It has finally happened. They said they could carry on when Zayn Malik left, but we knew they couldn’t. One Direction have finally split.
According to reports, 1D are to go their separate ways. At least, they are for a year or so, during which the group are to pursue their own agendas before (so the story goes) reforming. But anyone who’s dropped a raspberry jelly and tried to reassemble it knows how likely that is.
Well, that was well-timed, guys. Could you not have announced this on day one of the summer holidays, rather than just before the nation’s teenagers mope back to our classrooms?
How are we supposed to get pupils’ minds back on coastal erosion, the Industrial Revolution, and possessive apostrophes?
Teachers, follow these tips, or prepare for a start of term like no other:
- Pretend not to notice the black armbands, especially those on their legs.
- Don’t comment on their plain ring-binders and pencil cases. They’ve buried their 1D stationery in the garden, sung Abide With Me, and yelled at their mothers for thinking the spotty cupcake design from WH Smiths at ALL appropriate.
- If your school is co-ed, it’s an excellent opportunity to try the boy-girl-boy-girl seating plan. If it’s all boys, that was a great career choice. All girls? Now’s the time to get shingles. Or extradited.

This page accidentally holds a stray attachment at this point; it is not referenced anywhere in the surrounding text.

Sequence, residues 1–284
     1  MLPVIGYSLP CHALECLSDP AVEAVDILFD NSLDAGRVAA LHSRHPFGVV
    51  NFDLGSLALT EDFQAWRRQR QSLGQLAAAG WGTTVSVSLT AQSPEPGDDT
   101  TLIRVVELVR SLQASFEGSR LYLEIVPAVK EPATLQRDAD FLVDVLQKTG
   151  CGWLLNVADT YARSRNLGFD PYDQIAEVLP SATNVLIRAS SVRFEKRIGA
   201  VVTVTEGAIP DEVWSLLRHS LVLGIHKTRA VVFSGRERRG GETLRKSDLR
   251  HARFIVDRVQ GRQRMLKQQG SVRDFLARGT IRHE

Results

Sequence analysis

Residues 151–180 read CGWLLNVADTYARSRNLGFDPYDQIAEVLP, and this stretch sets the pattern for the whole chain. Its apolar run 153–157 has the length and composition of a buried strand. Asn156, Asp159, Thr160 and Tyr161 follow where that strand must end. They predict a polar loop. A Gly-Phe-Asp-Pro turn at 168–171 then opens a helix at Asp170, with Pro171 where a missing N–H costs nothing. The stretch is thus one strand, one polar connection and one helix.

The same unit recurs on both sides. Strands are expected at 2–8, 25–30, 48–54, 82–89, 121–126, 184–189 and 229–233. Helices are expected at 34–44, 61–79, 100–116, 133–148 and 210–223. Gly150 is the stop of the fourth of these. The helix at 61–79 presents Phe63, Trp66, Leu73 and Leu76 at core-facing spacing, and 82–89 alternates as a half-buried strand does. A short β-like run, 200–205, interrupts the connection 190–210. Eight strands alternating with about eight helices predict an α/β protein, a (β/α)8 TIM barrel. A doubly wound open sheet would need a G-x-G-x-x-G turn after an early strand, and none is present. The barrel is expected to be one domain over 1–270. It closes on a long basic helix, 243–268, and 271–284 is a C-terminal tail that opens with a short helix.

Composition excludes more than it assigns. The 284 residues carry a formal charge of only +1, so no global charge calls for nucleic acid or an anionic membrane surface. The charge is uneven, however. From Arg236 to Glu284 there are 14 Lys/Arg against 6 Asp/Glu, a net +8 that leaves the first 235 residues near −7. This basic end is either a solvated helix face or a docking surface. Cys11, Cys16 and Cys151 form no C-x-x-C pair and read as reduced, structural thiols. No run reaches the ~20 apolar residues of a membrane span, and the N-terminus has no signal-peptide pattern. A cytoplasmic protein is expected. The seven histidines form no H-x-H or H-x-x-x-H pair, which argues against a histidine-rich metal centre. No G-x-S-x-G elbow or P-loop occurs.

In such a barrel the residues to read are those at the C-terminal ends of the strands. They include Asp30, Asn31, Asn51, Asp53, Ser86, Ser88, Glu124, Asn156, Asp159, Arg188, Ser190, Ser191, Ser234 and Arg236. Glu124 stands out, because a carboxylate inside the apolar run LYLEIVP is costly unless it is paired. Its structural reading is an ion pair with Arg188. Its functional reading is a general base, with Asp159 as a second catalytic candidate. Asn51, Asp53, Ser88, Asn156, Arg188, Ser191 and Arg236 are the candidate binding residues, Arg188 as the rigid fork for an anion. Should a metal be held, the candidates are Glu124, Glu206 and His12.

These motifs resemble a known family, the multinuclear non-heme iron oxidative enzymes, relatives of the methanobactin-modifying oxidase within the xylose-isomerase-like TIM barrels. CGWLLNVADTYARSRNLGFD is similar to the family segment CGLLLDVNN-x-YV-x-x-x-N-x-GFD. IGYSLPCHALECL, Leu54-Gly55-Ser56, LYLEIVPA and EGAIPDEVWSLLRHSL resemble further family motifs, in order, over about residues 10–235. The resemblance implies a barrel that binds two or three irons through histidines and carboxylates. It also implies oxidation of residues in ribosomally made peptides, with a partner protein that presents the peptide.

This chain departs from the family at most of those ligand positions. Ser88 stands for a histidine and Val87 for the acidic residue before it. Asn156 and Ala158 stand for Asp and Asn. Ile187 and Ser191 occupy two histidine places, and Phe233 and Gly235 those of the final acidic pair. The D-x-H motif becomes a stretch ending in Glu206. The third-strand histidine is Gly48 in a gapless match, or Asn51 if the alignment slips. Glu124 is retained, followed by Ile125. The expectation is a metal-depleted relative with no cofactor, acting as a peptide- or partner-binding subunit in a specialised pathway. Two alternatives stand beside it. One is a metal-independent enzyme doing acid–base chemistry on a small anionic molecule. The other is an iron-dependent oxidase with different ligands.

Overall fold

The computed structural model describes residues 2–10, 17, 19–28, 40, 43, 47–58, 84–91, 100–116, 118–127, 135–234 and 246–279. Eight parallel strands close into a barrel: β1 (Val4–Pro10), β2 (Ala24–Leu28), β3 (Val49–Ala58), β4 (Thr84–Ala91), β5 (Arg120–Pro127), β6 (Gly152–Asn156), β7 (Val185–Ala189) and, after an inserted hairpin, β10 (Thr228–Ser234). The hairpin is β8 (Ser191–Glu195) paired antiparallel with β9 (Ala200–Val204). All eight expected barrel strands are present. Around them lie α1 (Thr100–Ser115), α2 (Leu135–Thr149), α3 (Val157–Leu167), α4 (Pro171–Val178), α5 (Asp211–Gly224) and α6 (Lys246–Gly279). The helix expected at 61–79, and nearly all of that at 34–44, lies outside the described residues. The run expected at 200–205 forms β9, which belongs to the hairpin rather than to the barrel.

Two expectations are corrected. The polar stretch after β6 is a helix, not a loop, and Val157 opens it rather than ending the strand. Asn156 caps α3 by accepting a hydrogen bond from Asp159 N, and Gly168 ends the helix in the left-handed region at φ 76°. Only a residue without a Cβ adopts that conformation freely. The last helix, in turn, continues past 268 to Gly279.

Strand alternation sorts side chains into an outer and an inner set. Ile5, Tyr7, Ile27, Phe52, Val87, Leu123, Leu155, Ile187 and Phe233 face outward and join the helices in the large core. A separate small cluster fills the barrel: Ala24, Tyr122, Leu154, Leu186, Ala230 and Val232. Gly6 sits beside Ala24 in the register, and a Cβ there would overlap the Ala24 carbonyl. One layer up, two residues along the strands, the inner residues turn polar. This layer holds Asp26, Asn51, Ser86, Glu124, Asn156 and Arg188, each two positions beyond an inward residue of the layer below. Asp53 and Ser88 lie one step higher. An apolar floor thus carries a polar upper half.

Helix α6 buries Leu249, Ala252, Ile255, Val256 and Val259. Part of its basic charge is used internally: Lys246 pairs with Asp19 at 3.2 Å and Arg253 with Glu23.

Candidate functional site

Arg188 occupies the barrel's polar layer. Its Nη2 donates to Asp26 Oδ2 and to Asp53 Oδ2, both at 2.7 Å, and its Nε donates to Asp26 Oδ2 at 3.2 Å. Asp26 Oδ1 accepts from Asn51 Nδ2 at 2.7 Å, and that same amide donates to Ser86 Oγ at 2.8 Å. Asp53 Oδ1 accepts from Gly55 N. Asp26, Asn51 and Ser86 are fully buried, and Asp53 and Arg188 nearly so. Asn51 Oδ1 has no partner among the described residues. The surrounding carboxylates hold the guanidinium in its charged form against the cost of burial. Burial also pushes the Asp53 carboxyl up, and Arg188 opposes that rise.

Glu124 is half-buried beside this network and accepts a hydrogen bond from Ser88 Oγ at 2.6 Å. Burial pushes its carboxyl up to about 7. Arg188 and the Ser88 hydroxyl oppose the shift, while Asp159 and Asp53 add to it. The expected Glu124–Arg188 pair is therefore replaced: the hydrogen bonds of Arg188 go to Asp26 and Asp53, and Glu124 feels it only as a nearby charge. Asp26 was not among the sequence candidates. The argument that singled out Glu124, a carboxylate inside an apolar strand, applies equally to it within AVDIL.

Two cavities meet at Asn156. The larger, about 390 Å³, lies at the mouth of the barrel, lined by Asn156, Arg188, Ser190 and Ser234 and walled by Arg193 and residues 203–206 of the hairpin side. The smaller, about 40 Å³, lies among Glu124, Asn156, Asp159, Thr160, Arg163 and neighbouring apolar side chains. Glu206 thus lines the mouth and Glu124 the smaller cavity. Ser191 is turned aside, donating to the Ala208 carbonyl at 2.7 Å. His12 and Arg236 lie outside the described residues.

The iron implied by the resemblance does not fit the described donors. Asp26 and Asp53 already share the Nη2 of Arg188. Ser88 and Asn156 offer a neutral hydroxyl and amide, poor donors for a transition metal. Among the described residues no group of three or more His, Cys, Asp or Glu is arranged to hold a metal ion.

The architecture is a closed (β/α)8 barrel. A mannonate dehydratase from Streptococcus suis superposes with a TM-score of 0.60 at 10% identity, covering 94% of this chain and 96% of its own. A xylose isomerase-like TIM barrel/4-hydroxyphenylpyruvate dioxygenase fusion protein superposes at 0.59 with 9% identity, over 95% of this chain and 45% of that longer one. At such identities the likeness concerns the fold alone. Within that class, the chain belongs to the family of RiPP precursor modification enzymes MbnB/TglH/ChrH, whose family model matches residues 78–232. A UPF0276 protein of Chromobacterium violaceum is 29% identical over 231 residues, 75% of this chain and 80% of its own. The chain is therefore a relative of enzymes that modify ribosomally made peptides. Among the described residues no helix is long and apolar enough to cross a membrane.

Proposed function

- Forget the tiny packet of Boots tissues in your desk drawer. Clear those hundred copies of War and Peace off a shelf and replace with a stock of mansize Kleenex boxes. On Day 2, replace with more.
- Maths teacher? Don’t mention four-fifths of ANYthing and don’t do lessons needing arrows.
- Science teacher? Forget anything linear. Chaos theory?
- Games teacher? Get them running all over the place.
- Music teacher? Bin that "Music of Boy Bands" scheme of work. Chopin’s cool, honestly.
- Textiles teacher? Find another word for styles. Or die.
Number 10 is a suggestion for headteachers. Postpone the autumn term until spring, and let the parents deal with it. There are times when home-schooling is one direct-
… is the only sensible option.
Fran Hill is a writer and part-time teacher of English at a girls' independent school.